Over the past year and a half, much attention has been given the federal government’s commitment to prioritizing prosecution of food companies that engage in criminal behavior. In some instances, this has been used as a scare tactic, shining a spotlight on the executive responsibility of company executives. Although focusing on executive liability isn’t necessarily a bad thing, Stephen Ostroff, M.D., deputy commissioner for foods and veterinary medicine at FDA, wants food manufacturers to know that FDA isn’t out to get them.
During yesterday’s opening keynote presentation at the 2016 Food Safety Consortium, Ostroff commented on FDA’s approach to enforcement. “I often have to scratch my head as why this has been such a tremendous concern in a regulated industry…sitting at FDA, we have not had any change in our thinking and approach about liability,” said Ostroff. “FDA pursues legal action against companies that are clearly negligent and clearly violating the law.” He emphasized that FDA’s goal moving into the FSMA compliance phase hasn’t changed; it’s about implementing a food safety system focused on preventive controls.
Ostroff encouraged attendees to look at the areas in which their food safety system is vulnerable, take proactive action and build redundancies into their system. “The best defense is to comply with the new requirements, and document how you are creating a food safety culture where everyone understands the expectations,” he added. “If you’re making a good faith attempt—our goal is to help you accomplish that goal, not to punish you for the attempts that you’ve made in good faith.”
The deputy commissioner also commented on the agency’s progress since FSMA’s seven rules were finalized in May, pointing out that these rules are foundational, and additional rules are to come. These rules will address lab accreditation, traceability related to imported products and a reportable food registry tool.
“If when we visit we identify very significant food safety hazards that we think pose an imminent risk of foodborne illness, we will have to take action.” – Stephen Ostroff, M.D.
Other key areas Ostroff discussed regarding agency progress and initiatives included:
- Initial compliance date for FSMA Preventive Controls Rule (for large companies). FDA wants to be a partner in assisting companies with the preventive controls requirements. “That for us will require a lot of work on the part of those who are going to be conducting these inspections, but our goal is to help you and tell you in which areas you’re doing quite well and in which areas you can do better,” said Ostroff, adding that many of the aspects of the preventive controls rule are very similar to what many companies have already done.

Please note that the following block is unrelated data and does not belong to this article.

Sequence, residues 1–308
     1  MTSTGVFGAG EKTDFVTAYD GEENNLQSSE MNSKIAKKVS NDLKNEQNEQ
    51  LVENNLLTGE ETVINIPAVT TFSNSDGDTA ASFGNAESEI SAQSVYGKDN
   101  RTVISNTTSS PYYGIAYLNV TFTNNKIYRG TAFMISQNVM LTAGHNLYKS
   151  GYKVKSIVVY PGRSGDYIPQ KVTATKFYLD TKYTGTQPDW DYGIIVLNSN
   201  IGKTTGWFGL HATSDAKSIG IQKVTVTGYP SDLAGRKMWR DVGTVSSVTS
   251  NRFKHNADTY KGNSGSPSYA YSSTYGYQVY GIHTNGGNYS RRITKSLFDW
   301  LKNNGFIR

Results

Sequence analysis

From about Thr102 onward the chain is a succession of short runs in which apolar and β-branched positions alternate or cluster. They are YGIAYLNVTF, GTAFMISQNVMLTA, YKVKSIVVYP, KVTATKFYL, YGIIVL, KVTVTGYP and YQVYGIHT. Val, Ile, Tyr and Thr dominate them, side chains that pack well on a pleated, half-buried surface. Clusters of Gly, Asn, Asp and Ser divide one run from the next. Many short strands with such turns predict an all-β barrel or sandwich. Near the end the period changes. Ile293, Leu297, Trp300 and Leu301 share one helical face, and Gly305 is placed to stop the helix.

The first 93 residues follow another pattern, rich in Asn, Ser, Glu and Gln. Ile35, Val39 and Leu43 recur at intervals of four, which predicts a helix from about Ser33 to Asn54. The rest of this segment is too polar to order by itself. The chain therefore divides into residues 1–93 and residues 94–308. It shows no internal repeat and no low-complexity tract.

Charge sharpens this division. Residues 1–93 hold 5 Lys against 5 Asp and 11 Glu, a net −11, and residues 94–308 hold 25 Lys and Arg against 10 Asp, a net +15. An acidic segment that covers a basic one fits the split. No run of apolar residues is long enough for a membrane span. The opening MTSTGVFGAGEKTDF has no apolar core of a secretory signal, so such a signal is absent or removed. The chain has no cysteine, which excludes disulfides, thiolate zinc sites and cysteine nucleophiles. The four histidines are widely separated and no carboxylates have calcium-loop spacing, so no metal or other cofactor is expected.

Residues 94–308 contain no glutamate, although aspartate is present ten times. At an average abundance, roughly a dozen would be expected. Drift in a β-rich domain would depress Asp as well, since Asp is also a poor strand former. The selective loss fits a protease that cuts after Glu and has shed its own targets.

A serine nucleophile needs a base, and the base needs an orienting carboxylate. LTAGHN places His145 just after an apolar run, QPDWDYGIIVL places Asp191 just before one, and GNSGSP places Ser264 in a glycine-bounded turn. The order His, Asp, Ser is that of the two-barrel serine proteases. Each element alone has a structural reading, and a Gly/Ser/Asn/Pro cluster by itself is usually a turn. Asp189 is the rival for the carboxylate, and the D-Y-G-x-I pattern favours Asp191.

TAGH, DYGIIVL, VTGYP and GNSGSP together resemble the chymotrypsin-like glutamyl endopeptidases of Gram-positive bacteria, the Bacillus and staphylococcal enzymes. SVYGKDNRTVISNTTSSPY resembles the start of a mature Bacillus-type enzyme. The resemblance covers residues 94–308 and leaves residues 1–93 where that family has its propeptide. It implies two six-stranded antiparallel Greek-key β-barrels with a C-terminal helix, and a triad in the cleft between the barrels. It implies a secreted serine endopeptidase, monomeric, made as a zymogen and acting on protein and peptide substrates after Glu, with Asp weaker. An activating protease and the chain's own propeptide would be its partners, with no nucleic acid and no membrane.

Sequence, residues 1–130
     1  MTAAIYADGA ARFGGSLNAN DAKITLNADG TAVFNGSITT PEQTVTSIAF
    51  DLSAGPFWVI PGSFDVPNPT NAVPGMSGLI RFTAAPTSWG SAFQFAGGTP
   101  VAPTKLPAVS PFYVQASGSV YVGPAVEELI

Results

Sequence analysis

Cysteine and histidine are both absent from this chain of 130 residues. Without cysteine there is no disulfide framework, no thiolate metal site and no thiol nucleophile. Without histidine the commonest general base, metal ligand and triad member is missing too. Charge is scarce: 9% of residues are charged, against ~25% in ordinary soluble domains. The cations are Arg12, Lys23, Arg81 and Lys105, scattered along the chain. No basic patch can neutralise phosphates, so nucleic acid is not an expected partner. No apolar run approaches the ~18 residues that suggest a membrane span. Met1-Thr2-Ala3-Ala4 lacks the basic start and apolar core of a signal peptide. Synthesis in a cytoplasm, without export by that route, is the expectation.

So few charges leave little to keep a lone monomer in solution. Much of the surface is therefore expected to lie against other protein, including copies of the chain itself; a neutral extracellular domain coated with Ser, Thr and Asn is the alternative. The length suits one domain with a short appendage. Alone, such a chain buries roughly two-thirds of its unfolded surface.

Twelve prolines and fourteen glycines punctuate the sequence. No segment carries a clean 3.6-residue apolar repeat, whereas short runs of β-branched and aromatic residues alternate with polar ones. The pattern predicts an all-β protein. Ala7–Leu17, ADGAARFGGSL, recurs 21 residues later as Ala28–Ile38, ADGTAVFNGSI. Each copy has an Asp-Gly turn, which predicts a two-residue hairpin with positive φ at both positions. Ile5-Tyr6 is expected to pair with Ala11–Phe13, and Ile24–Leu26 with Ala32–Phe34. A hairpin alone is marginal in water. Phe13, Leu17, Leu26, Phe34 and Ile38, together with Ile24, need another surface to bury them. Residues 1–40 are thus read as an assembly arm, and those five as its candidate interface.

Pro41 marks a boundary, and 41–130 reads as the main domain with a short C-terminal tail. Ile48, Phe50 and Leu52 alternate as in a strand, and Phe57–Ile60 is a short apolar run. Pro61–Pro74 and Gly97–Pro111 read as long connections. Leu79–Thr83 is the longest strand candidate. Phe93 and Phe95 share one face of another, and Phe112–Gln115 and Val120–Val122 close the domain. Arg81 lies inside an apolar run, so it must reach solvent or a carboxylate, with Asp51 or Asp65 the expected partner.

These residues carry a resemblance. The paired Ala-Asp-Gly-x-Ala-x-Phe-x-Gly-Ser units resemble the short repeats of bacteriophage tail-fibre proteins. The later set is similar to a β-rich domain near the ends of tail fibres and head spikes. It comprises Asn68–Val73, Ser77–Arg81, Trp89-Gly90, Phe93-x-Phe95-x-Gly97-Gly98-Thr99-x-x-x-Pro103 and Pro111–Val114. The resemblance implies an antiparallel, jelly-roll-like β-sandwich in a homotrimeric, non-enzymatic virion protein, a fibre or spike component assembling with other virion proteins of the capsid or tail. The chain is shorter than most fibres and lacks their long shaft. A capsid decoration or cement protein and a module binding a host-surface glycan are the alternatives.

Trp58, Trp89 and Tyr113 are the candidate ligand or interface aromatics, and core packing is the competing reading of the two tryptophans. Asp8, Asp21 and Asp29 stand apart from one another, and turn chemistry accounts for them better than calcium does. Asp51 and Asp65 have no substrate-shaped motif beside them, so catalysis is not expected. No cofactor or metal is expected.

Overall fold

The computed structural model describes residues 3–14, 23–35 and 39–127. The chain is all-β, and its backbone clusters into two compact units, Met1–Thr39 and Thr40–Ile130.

- Foodborne outbreaks. With several outbreaks in the 2015–2016 timeframe (ice cream–Listeriosis; cilantro–cyclospora; cucumbers–Salmonellosis; Mexican-style fast food–E.coli O26; flour–E.coli O121), the Inspector General expressed concern over the FDA recall process and criticized the agency for not having better defined timeframes. In response to that report, FDA implemented the SCORE (Strategic Coordinated Outbreak Response and Evaluation) team, which guides concrete action plans for measures that the agency must take in the areas of recalls, for example. The team consists of decision makers from key operations and enforcement offices with a goal of expediting the evaluation of compliance and enforcement options. Since April, SCORE has addressed flour contaminated with peanut protein, facilities contaminated with Listeria, Salmonella in pistachios, and baby food that was not manufactured in compliance with infant formula regulations.
- Antimicrobial resistance. The issue is “getting attention at the highest levels of government,” said Ostroff, adding that the best way to address antimicrobial resistance is to not have to treat it in the first place—and to do this is through reducing the incidence foodborne illness. The agency is moving forward in several areas here, including addressing non-judicial use of food animals and veterinary settings; enhancing NARMS data and isolate collection; and collecting data on antimicrobial sales by species.
During the Town Hall part of the presentation, Ostroff was asked, with the finalization of the FSMA rules, are they cast in stone? His answer: Not necessarily. “It took five years to get in place…because we did it in a very systematic way with a lot of stakeholder input. When you put together rules that are this complicated, there’s no guarantee that you got everything right,” he said. “[We] have to recognize that sometimes some of the flaws don’t become apparent into you implement them. You always have to be of the mindset that if everything didn’t work out exactly the way things were anticipated…we always have to be open to the fact that as we move forward and implement the rules, we might have to make course corrections.”